So in light of the impending tax increase in Illinois, Governor Scott Walker is planning some sort of campaign to try and lure Illinois businesses to Wisconsin, which might sound like a kind of okay idea, except for the last part that I bolded (from Governor plans business border war with Illinois):
The governor has not said how much the campaign will cost, or what it will entail. But he was confident his efforts, combined with the changes in Illinois, will cause businesses to consider relocating — even if Wisconsin’s tax rate remains the higher of the two.
First off, there is more to the business climate than just taxes. And since Illinois has a lower-rate, it seems like a bizarre thing to emphasize. I mean, I’m thinking these business owners know how to count…
One more paragraph from the same article just to drive home the point:
The Illinois bill would increase individual income taxes from 3 percent to 5 percent, and corporate taxes from 4.8 percent to 7 percent. That still compares favorably to Wisconsin’s individual income tax rate, which ranges from 4.6 percent to 7.75 percent, and a corporate tax rate of 7.9 percent.
Dane County Executive candidate Zach Brandon also raises this point (same article):
“If it were just about taxes, every business would move to West Virginia,” he said.
Or you could take the argument to it’s logical conclusion, and you get this point from James Warren:
“Both governors should note that the weather is a lot sunnier in Mexico, the local officials infinitely more generous, the environmental regulations more lax and the gang violence probably no worse than Chicago or Milwaukee,” Mr. Neimand said.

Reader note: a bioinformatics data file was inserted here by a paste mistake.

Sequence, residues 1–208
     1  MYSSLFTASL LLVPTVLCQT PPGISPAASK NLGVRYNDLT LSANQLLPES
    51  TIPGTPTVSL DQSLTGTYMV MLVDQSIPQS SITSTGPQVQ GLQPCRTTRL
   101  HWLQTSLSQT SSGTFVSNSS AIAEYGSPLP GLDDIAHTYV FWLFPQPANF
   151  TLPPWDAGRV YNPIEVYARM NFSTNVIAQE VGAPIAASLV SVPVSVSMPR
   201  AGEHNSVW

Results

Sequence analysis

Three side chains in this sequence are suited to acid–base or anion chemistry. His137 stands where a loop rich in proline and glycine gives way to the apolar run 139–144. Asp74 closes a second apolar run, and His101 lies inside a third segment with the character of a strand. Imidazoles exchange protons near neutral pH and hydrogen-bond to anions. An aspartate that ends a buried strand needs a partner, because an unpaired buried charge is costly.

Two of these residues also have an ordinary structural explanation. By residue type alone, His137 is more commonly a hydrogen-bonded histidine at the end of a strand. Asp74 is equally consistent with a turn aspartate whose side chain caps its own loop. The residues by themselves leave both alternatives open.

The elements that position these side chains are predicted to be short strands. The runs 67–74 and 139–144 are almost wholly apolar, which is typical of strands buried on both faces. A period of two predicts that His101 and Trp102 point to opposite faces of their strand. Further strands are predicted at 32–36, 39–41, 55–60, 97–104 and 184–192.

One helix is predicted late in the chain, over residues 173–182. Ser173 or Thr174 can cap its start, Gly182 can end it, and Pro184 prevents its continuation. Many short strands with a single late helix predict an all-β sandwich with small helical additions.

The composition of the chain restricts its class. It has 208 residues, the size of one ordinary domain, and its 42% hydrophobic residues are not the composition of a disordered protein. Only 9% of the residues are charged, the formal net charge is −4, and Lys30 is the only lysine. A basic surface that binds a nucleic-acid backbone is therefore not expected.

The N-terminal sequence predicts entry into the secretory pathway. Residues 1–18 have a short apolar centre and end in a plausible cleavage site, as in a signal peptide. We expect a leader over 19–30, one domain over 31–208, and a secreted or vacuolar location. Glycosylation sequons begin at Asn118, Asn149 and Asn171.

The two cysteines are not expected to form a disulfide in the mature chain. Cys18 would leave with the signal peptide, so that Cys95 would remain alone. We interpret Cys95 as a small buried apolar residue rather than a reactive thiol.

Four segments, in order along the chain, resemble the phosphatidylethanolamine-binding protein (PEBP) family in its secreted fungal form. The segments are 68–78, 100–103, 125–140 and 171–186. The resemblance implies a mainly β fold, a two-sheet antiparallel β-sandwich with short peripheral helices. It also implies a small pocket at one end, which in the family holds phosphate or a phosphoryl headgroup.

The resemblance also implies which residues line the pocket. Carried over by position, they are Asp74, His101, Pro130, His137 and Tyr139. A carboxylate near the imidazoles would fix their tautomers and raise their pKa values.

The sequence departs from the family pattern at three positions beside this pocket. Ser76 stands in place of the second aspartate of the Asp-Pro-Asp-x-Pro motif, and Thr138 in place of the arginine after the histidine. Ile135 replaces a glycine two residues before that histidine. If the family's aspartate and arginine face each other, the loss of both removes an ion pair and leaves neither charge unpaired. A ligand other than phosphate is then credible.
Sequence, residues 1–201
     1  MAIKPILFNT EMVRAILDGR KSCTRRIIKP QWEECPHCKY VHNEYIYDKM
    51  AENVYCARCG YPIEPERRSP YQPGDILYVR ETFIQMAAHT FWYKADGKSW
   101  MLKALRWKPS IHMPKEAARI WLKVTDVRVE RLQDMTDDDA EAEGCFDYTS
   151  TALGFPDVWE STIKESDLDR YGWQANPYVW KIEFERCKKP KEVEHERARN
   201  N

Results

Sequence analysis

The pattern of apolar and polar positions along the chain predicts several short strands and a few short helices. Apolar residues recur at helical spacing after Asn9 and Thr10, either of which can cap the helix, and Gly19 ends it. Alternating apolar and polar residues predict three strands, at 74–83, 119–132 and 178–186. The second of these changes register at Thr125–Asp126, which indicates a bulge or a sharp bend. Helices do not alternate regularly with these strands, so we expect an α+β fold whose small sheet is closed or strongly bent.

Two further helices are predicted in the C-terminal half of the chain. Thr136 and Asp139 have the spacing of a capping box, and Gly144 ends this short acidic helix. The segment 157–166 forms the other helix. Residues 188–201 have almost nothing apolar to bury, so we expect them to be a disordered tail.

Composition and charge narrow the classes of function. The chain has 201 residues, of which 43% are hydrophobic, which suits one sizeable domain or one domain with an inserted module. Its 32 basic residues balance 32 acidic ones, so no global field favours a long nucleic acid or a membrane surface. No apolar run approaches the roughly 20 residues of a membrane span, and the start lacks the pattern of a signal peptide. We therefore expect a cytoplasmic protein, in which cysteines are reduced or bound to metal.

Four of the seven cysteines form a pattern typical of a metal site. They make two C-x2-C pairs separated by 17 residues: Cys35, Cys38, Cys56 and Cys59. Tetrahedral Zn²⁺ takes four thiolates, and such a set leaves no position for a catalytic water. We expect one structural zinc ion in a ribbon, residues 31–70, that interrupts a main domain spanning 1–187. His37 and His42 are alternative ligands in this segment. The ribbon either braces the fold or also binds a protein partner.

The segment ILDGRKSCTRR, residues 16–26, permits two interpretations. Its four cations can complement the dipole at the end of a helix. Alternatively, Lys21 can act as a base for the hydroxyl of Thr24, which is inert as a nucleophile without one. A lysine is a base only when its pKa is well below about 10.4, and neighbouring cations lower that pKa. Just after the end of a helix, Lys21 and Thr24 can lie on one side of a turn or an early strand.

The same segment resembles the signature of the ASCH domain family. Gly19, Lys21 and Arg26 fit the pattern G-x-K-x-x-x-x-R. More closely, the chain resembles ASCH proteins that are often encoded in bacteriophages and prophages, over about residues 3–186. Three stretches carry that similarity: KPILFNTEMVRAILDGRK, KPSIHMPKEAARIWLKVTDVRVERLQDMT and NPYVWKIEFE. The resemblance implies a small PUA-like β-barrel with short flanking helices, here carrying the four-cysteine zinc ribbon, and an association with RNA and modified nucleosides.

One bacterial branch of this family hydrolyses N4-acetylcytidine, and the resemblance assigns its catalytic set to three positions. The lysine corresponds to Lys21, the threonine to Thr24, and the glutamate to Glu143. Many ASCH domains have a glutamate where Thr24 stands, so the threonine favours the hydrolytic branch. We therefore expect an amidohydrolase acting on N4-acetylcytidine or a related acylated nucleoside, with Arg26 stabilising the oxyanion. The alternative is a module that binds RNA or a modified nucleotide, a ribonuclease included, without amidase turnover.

So ridicule Illinoisans picnicking in the Dells, Badgers. But realize that it’s folks around the world who are really eating your lunch, Mr. Walker, and ours.
Not I’d expect Governor Walker to realize the full implications of his arguments….
Our Lt. Governor, Rebecca Kleefisch, is backing up this campaign with telemarketing (emphasis mine):
One of the companies Kleefisch contacted, a public relations firm in Chicago called the Blitz Group, said it had been considering the consequences of the tax increase and the company told her her call was “serendipitous.”
“I thought, ‘Wow, what a creative way to brand your state, but to go after a group of people that may be wondering what they will be able to afford and not to afford businesswise,’” said Trish Hoffman, of the Blitz Group.
Despite that sentiment, Hoffman said the business won’t be moving to Wisconsin anytime soon. She said she won’t be a deserter, and that she loves Chicago.
Another company, CouponCabin.com, issued a statement saying it had also been contacted by Kleefisch, but the statement said the last thing it would want to do is relocate.
It’s a never a good idea to buy something from a telemarker over the phone, what kind of business owner would think it’s a good idea to move their business based on a random cold call?
Categories: | Economics | Media | Scott Walker | Wisconsin